That Alicia didn’t get the hint showed us where her head space about the power of her job lies. When she gets blindsided by Caitlin’s hiring and her being undercut by Lee and the other partners, the first thing to do was to get Will’s side of the story. As I’ve written before, the series seems determined to show Will this season as a guy who only cares about the bottom line, no matter how many people get hurt. For him, the ends always justify the means. Look at how he got into a romantic relationship with Alicia, despite the fact that she was married at the time and has baggage.

Their romance is now interfering with the way they are conducting their professional lives, and this can only cause harm. It’s now revealed that Will pushed for Alicia’s hiring at the firm, similar to the power play that got Caitlin hired, so this could potentially drive a wedge between them. She has been warned by Celeste (who seems much more normal and more relatable than what was shown in her prior episodes) that Will always disappoints, and one wonders if Alicia will stop being so naive and heed that warning.

It’s ironic then that she calls Grace’s friendship with her tutor “unprofessional” in that conversation with the odd tutor. Does Alicia take her own advice and find a way to extricate herself from her complicated personal and professional entanglement? I can’t see how. I’ve consistently written of my distaste for any subplot involving Alicia’s kids in the past so I was glad they spent all of two scenes on it here. Grace’s situation would draw some sympathy if it weren’t for the fact that the show often dictates when she has friends. We see her now with her tutor because the plot demands it, and the tutor will be discarded in favor of the next “friend” she makes. Yes, her parents’ divorce and celebrity are contributing factors to this, but the show seems to want to pin it on her mother taking away something so that she has to be emotionally affected. I just didn’t buy it.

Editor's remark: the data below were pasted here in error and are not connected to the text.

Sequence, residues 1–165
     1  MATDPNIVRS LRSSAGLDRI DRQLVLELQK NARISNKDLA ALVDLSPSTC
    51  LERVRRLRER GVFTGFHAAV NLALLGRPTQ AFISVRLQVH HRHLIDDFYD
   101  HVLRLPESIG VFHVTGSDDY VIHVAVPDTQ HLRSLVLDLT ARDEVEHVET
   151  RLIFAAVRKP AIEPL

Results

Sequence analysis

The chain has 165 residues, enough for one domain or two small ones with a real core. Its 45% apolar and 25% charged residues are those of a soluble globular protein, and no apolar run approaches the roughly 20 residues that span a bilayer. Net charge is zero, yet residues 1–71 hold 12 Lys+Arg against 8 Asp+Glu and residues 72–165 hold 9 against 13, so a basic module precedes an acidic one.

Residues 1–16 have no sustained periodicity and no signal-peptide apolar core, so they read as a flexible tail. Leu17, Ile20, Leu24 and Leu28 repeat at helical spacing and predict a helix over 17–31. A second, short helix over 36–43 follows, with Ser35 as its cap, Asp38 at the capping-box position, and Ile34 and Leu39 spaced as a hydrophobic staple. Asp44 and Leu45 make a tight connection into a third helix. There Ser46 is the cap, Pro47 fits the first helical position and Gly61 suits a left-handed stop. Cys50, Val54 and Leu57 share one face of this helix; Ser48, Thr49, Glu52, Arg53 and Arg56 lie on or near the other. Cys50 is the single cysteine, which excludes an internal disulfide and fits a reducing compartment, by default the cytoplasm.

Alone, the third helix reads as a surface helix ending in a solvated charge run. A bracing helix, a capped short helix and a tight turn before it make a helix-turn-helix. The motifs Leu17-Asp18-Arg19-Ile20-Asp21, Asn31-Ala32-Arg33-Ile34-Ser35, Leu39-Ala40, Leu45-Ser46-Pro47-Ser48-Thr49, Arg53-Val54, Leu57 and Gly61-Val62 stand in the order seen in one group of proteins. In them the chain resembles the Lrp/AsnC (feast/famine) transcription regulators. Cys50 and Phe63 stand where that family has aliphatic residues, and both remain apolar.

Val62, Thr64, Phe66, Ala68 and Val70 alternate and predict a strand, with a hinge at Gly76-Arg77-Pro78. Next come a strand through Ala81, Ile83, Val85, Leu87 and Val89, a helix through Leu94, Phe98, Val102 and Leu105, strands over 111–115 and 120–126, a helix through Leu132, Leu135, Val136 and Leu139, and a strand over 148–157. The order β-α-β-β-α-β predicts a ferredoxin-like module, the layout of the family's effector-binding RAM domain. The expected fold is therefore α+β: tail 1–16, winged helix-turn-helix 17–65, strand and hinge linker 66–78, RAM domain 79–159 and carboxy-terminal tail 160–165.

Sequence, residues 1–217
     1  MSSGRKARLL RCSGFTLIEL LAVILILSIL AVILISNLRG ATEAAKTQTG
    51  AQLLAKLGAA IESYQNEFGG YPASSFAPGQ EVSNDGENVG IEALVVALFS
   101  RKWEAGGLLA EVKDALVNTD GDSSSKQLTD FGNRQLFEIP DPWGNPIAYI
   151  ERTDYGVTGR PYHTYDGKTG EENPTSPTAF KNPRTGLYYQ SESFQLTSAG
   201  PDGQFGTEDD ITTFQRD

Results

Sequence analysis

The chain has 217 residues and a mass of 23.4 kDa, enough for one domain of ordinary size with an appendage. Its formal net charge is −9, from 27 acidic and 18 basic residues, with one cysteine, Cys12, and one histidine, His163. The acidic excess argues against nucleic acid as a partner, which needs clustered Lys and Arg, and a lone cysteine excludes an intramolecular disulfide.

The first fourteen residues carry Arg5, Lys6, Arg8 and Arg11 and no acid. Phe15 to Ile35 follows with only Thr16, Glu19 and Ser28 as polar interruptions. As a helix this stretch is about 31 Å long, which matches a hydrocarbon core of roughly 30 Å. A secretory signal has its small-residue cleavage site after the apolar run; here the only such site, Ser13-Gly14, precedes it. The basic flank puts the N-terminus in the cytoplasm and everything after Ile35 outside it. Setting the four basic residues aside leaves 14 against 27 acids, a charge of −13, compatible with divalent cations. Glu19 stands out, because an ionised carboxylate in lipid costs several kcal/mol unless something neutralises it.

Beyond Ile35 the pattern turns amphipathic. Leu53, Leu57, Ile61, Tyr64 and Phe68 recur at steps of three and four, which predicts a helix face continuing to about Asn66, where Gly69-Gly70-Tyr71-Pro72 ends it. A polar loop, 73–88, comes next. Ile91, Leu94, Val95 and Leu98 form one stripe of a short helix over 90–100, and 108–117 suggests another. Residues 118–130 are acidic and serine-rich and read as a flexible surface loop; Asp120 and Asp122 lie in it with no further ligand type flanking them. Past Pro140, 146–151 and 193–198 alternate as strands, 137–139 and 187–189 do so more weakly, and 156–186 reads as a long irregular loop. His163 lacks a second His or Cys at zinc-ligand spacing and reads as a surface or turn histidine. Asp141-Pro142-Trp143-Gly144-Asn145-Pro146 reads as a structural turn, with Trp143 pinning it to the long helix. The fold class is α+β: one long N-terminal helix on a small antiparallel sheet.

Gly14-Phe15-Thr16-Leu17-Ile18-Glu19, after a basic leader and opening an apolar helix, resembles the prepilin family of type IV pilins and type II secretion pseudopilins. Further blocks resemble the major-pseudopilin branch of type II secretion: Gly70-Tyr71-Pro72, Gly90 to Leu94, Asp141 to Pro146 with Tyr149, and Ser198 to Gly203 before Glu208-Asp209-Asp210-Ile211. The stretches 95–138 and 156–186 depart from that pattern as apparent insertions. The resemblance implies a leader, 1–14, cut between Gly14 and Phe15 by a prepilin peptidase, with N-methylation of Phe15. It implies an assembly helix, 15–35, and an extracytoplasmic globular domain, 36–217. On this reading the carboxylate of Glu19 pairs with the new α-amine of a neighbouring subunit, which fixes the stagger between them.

The episode also puts Eli in an area where he’s most effective: political wheeling and dealing. The gubernatorial campaign for Peter looks like it’s in its early stages here, but it’s interesting to see that other people on the outside world are aware that something’s amiss about Peter’s fractured marital situation. That’s just a powder keg that’s waiting to explode in Peter’s face if it’s used by his political opponents, and the collateral damage might get on Eli and Alicia as well. Eli’s smart and he can wiggle his way out of a sticky situation, but I get the sense he isn’t fully prepared for this since he doesn’t have all of the facts. We’ll have to wait and see what happens in the future. For now, the complication phase of the season looks to be underway and I fear that more trouble is coming everyone’s way.

Grade: 8/10